Less than openy

According to 9to5Google, the reason Google Wallet is nowhere to be found on the upcoming Android Samsung Galaxy Nexus is because... wait for it... Verizon has blocked it. That's worth repeating. Google has allowed a carrier to prevent users from having a Google app on a platform marketed as being open, on a device meant to be the very flagship, the beacon of that openness.

If this story turns out to be accurate, it wouldn't be the first time Google has caved to Verizon. They've turned their backs on the net neutrality principles they previously held dear, for Verizon. They've betrayed their users by allowing crapware to be indelibly pre-installed on Android, for Verizon and other carrier partners. They even allowed the delay of Galaxy Nexus in the country in which they're headquartered, more than likely for Verizon.

And none of that would be a problem, none of it would even be noteworthy except that Google has used openness -- complete openness -- time and again as a weapon against Apple -- a way to turn users away from iOS and rally them to Android. And now, as then, it's deliberately misleading at best and a flat out lie at worst. It's said in a way that suggests it's better for end users when it's not. It's said in a way that suggests it puts control in the end user's hands when it doesn't. It puts in back in the carrier's hands. It's better for the carriers.

With the corruption of the Nexus line, it's not even "openy" any more. It's less than openy.

If you use Android rather than iOS because you like a choice of hardware form factors, or prefer the deep integration of Google services, or its UI better fits the way your brain works, or you just flat out think it's better on any or many levels, that's fantastic. If you use Android for philosophical reasons and a fundamental belief in it being nobler and more open, you've been bamboozled. Again.

Update: Google has confirmed that Verizon asked for Google Wallet to be excluded from the Galaxy Nexus [CNet]

Source: 9to5 Google via Android Central

Have something to say about this story? Share your comments below! Need help with something else? Submit your question!

Rene Ritchie

Editor-in-Chief of iMore, co-host of Iterate, Debug, Review, Vector, and MacBreak Weekly podcasts. Cook, grappler, photon wrangler. Follow him on Twitter and Google+.

More Posts

 

4
loading...
0
loading...
0
loading...
0
loading...

← Previously

Kindle Fire usability tests confirm Steve Jobs' criticism of 7-inch form factor

Next up →

Facebook Messenger app rumored to include video calling in next update

Reader comments

Less than openy

37 Comments

1) You are basing this on internet rumors. Neither Google nor Verizon has confirmed this.
2) It is still a hundred times more open then the iphone.

It's just a way to make iOS users feel a bit better about running a closed off O/S. Last I checked I don't see Apple posting source nor do I see custom ROMs/Kernels being made from that source.

Agreed, this article sounds like russian propaganda :)) I wonder why they write stuff like this. Or what the pleasure is in bashing Google.
If I have an iPhone it doesn't mean I don't see the benefits of having an Android device. I dislike this article and I should troll the author.

Agreed, this article sounds like russian propaganda :)) I wonder why they write stuff like this. Or what the pleasure is in bashing Google.
If I have an iPhone it doesn't mean I don't see the benefits of having an Android device. I dislike this article and I should troll the author.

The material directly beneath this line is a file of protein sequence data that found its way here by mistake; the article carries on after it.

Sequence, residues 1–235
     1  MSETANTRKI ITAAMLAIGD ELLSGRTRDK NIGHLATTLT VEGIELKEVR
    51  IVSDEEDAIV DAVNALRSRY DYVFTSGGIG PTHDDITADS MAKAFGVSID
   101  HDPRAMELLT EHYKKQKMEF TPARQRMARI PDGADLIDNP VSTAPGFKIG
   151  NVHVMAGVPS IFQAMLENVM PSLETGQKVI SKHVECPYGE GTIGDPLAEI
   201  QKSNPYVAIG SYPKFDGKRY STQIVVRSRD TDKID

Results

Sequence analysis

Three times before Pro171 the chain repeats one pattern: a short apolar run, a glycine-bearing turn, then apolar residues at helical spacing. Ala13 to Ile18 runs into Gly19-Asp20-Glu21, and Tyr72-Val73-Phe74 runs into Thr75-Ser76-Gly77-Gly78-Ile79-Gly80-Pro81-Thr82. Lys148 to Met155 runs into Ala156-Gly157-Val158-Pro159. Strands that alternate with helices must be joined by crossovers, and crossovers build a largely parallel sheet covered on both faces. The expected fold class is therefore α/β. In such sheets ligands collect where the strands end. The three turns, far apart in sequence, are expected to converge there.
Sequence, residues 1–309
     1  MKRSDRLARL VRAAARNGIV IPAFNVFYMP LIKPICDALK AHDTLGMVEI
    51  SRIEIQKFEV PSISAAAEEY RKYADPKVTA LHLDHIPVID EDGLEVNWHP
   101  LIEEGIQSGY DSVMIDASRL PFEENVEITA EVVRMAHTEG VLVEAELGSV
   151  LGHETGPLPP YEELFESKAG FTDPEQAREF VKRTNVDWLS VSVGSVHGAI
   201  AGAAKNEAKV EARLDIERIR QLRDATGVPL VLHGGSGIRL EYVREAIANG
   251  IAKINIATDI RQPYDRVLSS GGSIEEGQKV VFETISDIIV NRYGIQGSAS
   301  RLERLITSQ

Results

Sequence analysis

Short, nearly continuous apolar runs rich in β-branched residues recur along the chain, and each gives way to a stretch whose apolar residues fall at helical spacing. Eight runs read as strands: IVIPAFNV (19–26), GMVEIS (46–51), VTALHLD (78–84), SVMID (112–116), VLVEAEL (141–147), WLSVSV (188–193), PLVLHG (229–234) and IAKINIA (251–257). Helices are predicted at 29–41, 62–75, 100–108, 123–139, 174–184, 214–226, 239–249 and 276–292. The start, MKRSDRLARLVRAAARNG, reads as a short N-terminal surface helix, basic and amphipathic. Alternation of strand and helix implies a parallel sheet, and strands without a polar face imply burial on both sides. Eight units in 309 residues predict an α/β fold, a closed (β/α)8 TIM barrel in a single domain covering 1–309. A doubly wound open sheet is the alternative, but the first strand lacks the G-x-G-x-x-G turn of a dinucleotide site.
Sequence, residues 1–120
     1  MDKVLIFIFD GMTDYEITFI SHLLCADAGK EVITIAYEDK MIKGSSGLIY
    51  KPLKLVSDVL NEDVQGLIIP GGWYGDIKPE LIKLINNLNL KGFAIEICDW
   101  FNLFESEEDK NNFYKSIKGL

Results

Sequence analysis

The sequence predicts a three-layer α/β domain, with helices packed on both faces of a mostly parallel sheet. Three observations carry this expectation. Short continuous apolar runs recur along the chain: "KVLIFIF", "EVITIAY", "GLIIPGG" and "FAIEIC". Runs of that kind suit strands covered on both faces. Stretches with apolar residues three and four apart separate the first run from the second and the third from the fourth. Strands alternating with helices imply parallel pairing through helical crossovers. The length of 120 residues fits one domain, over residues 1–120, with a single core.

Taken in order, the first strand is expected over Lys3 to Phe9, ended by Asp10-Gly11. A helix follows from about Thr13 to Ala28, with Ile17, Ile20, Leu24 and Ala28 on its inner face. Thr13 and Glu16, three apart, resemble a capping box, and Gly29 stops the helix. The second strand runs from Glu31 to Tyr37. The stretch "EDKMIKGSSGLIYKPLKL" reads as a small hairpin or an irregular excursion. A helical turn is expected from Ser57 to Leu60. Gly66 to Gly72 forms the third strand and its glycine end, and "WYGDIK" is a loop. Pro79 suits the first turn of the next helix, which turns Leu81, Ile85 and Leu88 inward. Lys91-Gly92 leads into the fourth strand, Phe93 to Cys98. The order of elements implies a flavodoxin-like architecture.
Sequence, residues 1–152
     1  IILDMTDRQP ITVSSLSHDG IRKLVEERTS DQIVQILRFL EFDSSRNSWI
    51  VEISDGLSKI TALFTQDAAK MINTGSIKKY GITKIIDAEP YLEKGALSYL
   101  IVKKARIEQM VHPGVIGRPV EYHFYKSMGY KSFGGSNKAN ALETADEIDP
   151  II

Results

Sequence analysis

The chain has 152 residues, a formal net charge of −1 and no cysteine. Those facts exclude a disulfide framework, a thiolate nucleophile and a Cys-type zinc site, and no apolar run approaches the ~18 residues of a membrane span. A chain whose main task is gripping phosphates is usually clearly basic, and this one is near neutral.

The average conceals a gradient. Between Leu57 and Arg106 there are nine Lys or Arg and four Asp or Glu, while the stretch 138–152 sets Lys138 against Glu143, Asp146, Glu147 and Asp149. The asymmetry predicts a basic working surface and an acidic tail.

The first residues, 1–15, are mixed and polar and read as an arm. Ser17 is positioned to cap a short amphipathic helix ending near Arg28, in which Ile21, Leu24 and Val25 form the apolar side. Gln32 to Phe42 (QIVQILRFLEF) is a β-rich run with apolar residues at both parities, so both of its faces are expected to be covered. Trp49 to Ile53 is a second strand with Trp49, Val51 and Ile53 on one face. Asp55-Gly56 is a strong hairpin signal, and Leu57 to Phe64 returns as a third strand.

@Mustang5Oh: Siri for starters. It can also run smoothly and reliably without crashing every couple of days.
But then again, @hittrj01 was asking YOU, the android user, what advantages your "open" software gives.

Siri: navigate to.
Open Facebook
Etc. etc.
Hope apple updates tus to make it possible. If it wasnt possible on android i would root. Done. For the user that's open.
Apple forbidding link to kindle store and numerous other business decisions IS far more less open then google wallet on one particular android phone. The user again, can easily root.

Another time confusing the openness of the operating system with the devices they use it?
Android is not less open because a device doesn't have an app.
Someone has to calm down his anger

difference is you can root the nexus, and install your wallet and not worrie about software update. That's why it's open.
Can I "root" my iPhone 4 running IOS 5.0.1 to turn on my wireless hotspot feature? No I can't. Vodafone shut the hotspot down and there isn't a damn thing I can do about it.
Oh I could jailbreak? I don't think so, lose my warranty, having to be near my PC to restart my device and having to reinstall all my apps and redo my settings just to jailbreak? Ridiculous.
I love IOS, but Android really is open, they can use tethering without the carriers permission and rooting your device isn't a crime.
Wish IOS was this open too.

Rooting your android phone voids your warranty too. And use a tethering app with any regularity and see how fast you get booted off your carrier.

To root an Android phone is to gain access to the root level of the file system. To jailbreak an iPhone is to gain access to the root level of the file system. Call it what you want but it is the same thing. Sometimes I wonder if people even know what the word "root" means. I think they think this is a term the Android community made up. And to clarify, yes, you can jailbreak/root your iPhone 4 to enable the personal hotspot feature. But if you use it enough you will be flagged by your carrier, just as you would on an Android phone.
The whole voiding the warranty thing is a weak argument too. If you drop your phone and need a new one, just restore it before taking it in. If the phone is so messed up that it can't be restored then it is also to messed up for Apple to see that it was jailbroken. You should do this anyways as you don't want your information in the hands of strangers. My boss has dropped his Jailbroken iPad and cracked the screen and never once has Apple not replaced it. He is on his third replacement. Again, all of them were jailbroken and never did he even bother restoring before taking them in. Good luck walking into your carrier with a broken Android and walk out 10mins latter with a new one. Rooted or not.
Also, rooting/jailbreaking isn't a crime. At least not in the US. It has specifically been deemed legal.

difference is you can root the nexus, and install your wallet and not worrie about software update. That's why it's open.
Can I "root" my iPhone 4 running IOS 5.0.1 to turn on my wireless hotspot feature? No I can't. Vodafone shut the hotspot down and there isn't a damn thing I can do about it.